As the years went on the and younger generation of Norsemen became, like all younger generations, less hardworking and more restless that their forebears, they began to think less about catching herring and more about monkeying with the sails of their ships. One of these restless young Norsemen one day lengthened the mast of his ship put up another crosspiece about six feet above the first on, and hung another but smaller sail on his new crosspiece, or spar (pronounced, strange as it may seem, “spar”). Thus was the main top-sail born.

After that, innovations in sails followed so fast that the herring boat became a veritable shambles of canvas. A Norseman named Leif the Sailmaker added a second mast to his ship, just in front of the first one and thus the fore-mast came into being and with it the fore mainsail and the fore top-sail.  A Turk named Skvar added a third mast and called it the mizzen. Not to be outdone, a Muscovite named amir put up a third spar on each of his masts; Skvar came back with a sixth, and so it went, resulting in the top-gallant foresail, the top-topgallant mizzen sail, the top-top-topgallant amil topsail, and the tip-top-topgallant-gallant mainsail (pron. “twee twee twee twa twa”).

Practically nobody sails a full-rigged seven-masted ship so that it would not be especially helpful to describe in detail all the thousand different gaffs, sprits, queeps, weems, lugs, miggets, lords (spelled “leewards”) gessels, grommots, etc., on such a ship. I shall therefore devote that space I have left to a discussion of how to come back alive from a pleasant sail in the ordinary 20 or 30-foot sailing craft such as you are likely to be “taken for a ride” in down here in Bermuda. This type of so-called pleasure ship is not only given to riding on its side, due to coming about without the helmsman’s volition (spelled “jibe” and pronounced, “look out, here we go again”!) but it is made extremely perilous by what is known as the flying jib or the boom.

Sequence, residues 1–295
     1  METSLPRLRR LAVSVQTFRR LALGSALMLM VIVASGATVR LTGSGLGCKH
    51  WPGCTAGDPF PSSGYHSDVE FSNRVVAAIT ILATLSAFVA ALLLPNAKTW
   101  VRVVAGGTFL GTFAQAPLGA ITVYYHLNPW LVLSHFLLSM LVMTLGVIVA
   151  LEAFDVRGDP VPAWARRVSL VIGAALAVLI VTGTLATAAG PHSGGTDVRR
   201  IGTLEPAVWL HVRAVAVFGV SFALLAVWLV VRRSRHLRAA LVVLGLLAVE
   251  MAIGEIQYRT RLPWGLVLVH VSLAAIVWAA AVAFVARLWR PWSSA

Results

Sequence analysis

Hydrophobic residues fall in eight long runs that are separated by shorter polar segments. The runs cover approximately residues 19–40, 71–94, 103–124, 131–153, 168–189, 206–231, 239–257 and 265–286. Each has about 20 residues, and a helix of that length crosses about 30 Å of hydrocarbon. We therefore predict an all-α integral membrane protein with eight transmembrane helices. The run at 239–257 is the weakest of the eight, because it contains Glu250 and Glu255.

The boom is worse that the gaff, for some people can stand the gaff (hence the common expression “he can stand the gaff”) but nobody can stand the boom when it aims one at him from the floor. With the disappearance of the Norse herring fishermen and the advent of the modern pleasure craft sailor, the boom became longer and heavier and faster. Helmsman will tell you that they keep swinging the boom across the deck of the ship in order to take advantage of the  wind but after weeks of observation it is my opinion that they do it to take advantage of the passengers. The only way to avoid the boom and have any safety while sailing is to lie flat on your stomach in the bottom of the ship. This is very uncomfortable on account of the hard boards and you can’t see a thing, but it is the one sure way I know of to go sailing and come back on the boat and not be washed up on the surf. I recommend the posture highly, but not as highly as I recommend the bicycle. My sailing adventures in Bermuda have made me appreciate for eh first time the essential wonder of the simple, boomless bicycle.